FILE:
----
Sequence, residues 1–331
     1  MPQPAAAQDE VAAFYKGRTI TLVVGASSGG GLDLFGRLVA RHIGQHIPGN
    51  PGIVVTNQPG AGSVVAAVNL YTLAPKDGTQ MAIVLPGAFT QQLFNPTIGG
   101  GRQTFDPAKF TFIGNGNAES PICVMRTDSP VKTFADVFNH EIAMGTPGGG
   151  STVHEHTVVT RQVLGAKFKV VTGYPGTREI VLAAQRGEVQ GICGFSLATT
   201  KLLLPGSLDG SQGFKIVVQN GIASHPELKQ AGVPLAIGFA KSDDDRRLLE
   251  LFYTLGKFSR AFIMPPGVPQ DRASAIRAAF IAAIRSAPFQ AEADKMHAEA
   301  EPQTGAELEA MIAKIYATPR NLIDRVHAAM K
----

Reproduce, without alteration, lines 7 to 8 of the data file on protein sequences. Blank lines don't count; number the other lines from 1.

   251  LFYTLGKFSR AFIMPPGVPQ DRASAIRAAF IAAIRSAPFQ AEADKMHAEA
   301  EPQTGAELEA MIAKIYATPR NLIDRVHAAM K